For me, yoga, much like my religion, has been more of a private practice. I used to go to classes quite often, liking the feeling of being surrounded by comrades and others who appreciated the exercises and stretches. But much like many of us do, I allowed life to get in the way, and soon, most of my practice happened at home to the tune of books, DVDs, and other instructional techniques, all of which, can be valid if done properly. But there is something to be said for instruction from a trained professional that I have always missed.
To make matters worse, seven years ago, I broke my right leg at my knee joint, and after two surgeries, five pain ablation procedures, and endless hours of physio, I am no further along in my healing process than I was the day I was injured. For those of you who don’t know, I was in the military for eight years, and recently, was released from the military due to this injury, which was caused by a week in the field doing all the fun army stuff! Sadly, my pain persists to this day.
For this reason, I allowed myself to be even more of a yoga recluse. I was embarrassed of my cumbersome leg brace or my inability to put pressure and weight on my right leg. I felt shame for not being able to move into downward dog with the same ease that I once did. Each pose is now accompanied by my grunts, groans and adjustments until the position can work for me.
I was struck in a proverbial yoga rut until recently, after talking with my friend, Jacquie, who is also a fantastic and compassionate yoga instructor at The Asana Room in Courtenay, BC. After explaining my plight, she told me that we can never learn unless we push ourselves beyond our comfort zone. She then promptly invited me to the class she teaches. Touché, Jacquie. After allaying my concerns that there would be professional yogis in the room, fully into Salamba Sirsasana, I agreed to make an appearance, full of advance apologies for not being able to do anything right.
I walked into the wood-laden room and instantly was filled with nerves, once again, forgetting what yoga is all about. It’s more about the journey, isn’t it? Not how I get there? Of course! I get it now! And so, filled with some semblance of confidence, the class began and I allowed myself to stretch into each Sun Salutation, reaching my arms toward the sky, and really appreciating what the move was doing for my body. When our pelvises settled into Warrior Pose, I remembered that in my previous military life, I was a warrior! And here I am, being one right now, in the moment. I am capable and strong, occasionally in ways that aren’t always physical. And it felt good to recognize that.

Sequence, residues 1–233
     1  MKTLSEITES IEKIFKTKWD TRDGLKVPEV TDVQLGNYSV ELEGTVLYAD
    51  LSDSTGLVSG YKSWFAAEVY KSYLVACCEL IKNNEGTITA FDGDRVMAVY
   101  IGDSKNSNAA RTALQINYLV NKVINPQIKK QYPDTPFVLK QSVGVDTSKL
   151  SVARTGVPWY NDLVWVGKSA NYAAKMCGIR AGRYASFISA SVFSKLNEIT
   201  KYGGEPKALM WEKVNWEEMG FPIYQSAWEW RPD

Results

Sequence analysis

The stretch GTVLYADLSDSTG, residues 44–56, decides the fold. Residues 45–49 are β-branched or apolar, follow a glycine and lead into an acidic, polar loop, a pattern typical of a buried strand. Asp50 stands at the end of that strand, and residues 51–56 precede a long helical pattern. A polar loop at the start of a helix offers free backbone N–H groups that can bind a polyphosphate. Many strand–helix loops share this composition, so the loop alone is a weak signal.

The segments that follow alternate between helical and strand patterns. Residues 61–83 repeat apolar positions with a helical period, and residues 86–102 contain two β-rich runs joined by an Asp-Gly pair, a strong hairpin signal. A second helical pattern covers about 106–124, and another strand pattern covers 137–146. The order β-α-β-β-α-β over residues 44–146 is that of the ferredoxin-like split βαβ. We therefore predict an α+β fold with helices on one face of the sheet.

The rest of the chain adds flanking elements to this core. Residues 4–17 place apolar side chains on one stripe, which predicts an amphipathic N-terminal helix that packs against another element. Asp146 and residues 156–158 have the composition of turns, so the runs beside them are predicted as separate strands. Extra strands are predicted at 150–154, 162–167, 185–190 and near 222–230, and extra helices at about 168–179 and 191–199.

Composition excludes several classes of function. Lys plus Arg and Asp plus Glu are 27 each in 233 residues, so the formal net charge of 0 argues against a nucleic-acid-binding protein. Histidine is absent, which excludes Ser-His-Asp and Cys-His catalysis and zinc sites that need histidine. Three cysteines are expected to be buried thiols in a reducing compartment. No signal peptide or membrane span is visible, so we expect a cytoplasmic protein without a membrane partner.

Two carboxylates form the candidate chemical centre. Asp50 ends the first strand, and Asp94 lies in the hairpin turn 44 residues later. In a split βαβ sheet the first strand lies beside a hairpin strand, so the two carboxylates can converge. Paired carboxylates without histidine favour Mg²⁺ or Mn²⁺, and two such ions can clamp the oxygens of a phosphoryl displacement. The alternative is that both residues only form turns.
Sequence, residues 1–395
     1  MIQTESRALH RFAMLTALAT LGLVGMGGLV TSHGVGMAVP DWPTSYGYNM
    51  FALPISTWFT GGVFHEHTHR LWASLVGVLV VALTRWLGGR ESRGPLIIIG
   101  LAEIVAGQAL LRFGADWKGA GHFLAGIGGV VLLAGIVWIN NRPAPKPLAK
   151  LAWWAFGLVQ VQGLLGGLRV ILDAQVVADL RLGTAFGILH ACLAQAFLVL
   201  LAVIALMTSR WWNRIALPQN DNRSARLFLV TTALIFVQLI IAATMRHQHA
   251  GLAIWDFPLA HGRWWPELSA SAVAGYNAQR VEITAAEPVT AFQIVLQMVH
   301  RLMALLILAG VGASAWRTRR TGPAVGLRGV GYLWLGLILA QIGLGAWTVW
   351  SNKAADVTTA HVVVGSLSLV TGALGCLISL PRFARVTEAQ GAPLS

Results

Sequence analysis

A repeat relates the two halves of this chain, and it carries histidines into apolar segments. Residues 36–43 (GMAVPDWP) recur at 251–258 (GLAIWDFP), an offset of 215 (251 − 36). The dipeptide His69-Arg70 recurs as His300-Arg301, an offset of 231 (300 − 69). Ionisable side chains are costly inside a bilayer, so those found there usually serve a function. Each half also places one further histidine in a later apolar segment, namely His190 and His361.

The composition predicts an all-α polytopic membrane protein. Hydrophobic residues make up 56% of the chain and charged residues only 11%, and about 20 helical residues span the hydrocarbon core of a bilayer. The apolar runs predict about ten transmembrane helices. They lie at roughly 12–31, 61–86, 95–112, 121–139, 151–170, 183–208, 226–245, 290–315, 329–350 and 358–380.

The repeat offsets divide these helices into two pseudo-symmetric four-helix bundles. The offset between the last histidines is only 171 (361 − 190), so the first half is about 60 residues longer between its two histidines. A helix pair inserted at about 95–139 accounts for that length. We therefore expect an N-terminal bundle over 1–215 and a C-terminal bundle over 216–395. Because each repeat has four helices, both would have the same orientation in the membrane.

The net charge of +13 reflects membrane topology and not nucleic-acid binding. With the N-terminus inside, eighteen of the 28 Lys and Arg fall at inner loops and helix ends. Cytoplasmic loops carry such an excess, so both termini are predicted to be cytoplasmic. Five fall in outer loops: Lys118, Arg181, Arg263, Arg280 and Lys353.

I went through the rest of the class somewhere on the brink between emotional and elated. I smiled when I realized I wasn’t the only one who grunted or groaned when moving into tricky poses. It’s all part of getting there and giving your body permission to make that noise. And when a certain position was too hard on my knee, I just stopped. I focused on my breath. I realized that I was taking a big step today, by putting myself, and my yoga practice, out there in the real world. I did something worthwhile today. When another pose pinched my knee, I adjusted until it worked for me. And in the room of The Asana Room, with other eager students, there was no judgement or gawking at my changes. There was acceptance.
And that, ladies and gentleman, is part of what yoga is all about. Accepting yourself, your body, and your fellow students for all that they are.
So, my thanks go out to Jacquie, for creating such a positive environment for me to practice and providing a skillfully delivered class full of diversity and relaxation. I’d be lying if I said the class didn’t challenge me, but someone wise told me that if I don’t get out of my comfort zone, I’ll never learn.